UH Hilo alumna awarded a National Health Service Corps Scholarship

UH Mānoa medical student Carrie Ip’s goal is to practice primary care on Hawai‘i Island: “I would like to give back to a community that I love and call home.”

Carrie Ip
Carrie Ip

University of Hawaiʻi at Hilo alumna Carrie Ip, a native of Keaʻau on Hawaiʻi Island and now a UH Mānoa medical student, is the recipient of a prestigious, highly competitive National Health Service Corps (NHSC) Scholarship. She is one of only 205 U.S. medical students to receive the scholarship which was sought by 2,275 applicants in 2016.

The scholarship, administered by the U.S. Department of Health and Human Service’s Bureau of Health Workforce pays tuition, fees, other educational costs, and provides a living stipend in return for a commitment to work at least two years at an NHSC-approved site in a medically underserved community.

Ip is a 2011 graduate of Waiākea High School in Hilo, and received her undergraduate degree in biology, with minors in chemistry and English, from UH Hilo. She says she was motivated to study medicine by witnessing how those from different social or economic backgrounds suffer from a lack of routine access to health care.

“Growing up, I have realized how important primary care is from a preventative standpoint,” Ip explains. “I would like to have a part in the continuous care of my future patients. Many of my family and friends have been affected by the lack of access to healthcare and resources—not having a primary care physician or having to fly to and from Honolulu or the U.S. mainland to receive adequate care. I believe they deserve better and I would like to give back to a community that I love and call home.”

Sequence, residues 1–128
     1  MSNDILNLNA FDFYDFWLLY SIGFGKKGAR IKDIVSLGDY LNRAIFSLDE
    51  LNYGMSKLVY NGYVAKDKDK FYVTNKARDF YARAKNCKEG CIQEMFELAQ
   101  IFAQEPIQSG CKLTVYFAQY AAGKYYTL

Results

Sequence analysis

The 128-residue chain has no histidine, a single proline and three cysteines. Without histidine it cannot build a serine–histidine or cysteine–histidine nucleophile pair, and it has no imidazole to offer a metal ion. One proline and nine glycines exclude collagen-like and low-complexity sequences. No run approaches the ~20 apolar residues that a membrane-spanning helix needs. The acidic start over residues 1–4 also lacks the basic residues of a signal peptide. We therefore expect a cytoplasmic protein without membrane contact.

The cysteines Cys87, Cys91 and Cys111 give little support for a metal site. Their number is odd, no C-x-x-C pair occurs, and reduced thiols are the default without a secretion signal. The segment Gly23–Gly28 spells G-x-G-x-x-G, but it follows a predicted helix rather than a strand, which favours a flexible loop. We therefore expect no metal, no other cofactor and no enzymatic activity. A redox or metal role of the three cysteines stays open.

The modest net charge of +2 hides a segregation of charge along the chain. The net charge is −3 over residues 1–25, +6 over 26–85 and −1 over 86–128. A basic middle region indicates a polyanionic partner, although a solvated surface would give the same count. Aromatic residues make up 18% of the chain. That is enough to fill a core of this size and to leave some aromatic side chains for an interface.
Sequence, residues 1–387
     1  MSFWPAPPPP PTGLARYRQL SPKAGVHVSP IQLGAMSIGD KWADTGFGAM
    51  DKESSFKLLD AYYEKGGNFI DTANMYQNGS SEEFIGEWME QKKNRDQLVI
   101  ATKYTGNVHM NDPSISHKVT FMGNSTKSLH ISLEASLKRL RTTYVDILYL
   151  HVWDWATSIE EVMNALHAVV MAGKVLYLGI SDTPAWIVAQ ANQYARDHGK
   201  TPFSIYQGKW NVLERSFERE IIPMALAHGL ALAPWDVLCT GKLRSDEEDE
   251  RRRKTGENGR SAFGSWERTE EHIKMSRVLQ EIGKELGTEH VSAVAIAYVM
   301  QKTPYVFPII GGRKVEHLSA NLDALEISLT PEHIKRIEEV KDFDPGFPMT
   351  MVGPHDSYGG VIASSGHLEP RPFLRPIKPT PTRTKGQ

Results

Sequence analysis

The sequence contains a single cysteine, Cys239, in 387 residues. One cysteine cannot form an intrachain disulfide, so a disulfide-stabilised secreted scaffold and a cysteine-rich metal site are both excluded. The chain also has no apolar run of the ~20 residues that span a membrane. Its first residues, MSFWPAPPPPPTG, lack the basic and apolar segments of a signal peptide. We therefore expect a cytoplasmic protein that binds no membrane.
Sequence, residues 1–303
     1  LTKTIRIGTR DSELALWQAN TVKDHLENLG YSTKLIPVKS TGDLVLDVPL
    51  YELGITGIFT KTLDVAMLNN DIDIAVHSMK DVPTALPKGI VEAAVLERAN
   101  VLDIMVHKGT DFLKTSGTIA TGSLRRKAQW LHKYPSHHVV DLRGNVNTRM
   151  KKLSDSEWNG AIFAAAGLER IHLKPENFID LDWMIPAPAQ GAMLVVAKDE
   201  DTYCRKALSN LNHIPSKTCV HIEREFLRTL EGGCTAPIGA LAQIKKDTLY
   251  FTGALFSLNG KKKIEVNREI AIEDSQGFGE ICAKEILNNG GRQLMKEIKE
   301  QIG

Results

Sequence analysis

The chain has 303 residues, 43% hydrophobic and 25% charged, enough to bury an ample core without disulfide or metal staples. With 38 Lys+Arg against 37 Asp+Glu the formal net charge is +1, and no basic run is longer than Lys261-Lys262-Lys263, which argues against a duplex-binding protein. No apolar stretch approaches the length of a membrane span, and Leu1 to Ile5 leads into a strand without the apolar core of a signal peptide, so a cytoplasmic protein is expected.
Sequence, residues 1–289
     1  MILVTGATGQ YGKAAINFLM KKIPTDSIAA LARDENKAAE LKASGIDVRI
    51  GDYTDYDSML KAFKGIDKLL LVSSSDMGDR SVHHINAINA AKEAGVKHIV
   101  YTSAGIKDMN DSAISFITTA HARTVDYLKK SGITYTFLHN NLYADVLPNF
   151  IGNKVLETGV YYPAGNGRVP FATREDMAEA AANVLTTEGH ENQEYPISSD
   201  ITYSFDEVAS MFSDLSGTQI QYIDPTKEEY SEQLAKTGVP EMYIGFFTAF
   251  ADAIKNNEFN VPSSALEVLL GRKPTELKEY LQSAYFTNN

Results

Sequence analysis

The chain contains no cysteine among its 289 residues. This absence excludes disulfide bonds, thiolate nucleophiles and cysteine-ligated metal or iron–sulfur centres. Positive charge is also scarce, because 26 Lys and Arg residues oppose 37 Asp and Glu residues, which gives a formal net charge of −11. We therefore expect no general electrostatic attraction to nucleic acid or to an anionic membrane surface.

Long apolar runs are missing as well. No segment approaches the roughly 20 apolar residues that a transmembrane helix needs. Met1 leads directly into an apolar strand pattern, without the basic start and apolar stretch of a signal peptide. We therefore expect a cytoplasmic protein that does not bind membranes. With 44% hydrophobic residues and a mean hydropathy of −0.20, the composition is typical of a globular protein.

Ip entered the John A. Burns School of Medicine (JABSOM) through the ʻImi Hoʻōla Post-Baccalaureate Program in 2015-2016. The ‘Imi program accepts up to 12 aspiring physicians per year for an intensive immersion in learning the skills necessary to become a successful MD student. Many of those accepted into the ʻImi program are from underserved or disadvantaged backgrounds.

By completing the program—which participants universally described as grueling—Ip earned admission into the MD Class of 2020, which began its studies in July 2016. She is scheduled to graduate from JABSOM in 2020 and plans to complete her training as a primary care physician and return to her home community on Hawaiʻi Island.

Ip said she loves both the sciences and community service, which are additional reasons she pursued medicine.

“I would like to give back to my home community,” she says. “I am lucky to have so many great influences and mentors in my life, and my family and loved ones are my biggest supporters and the ones who inspire me to succeed in medical school.”

Her parents are Amy and Teddy Ip of Keaʻau.

Financial support through scholarships or awards also has made a critical difference in Ip’s life, and she is grateful.

“I would not be where I am today without [it],” she said. “Because of the financial support, I am able to focus on my studies without having to worry about how I am going to pay for rent, food, or other necessities.”


-Adapted from JABSOM media release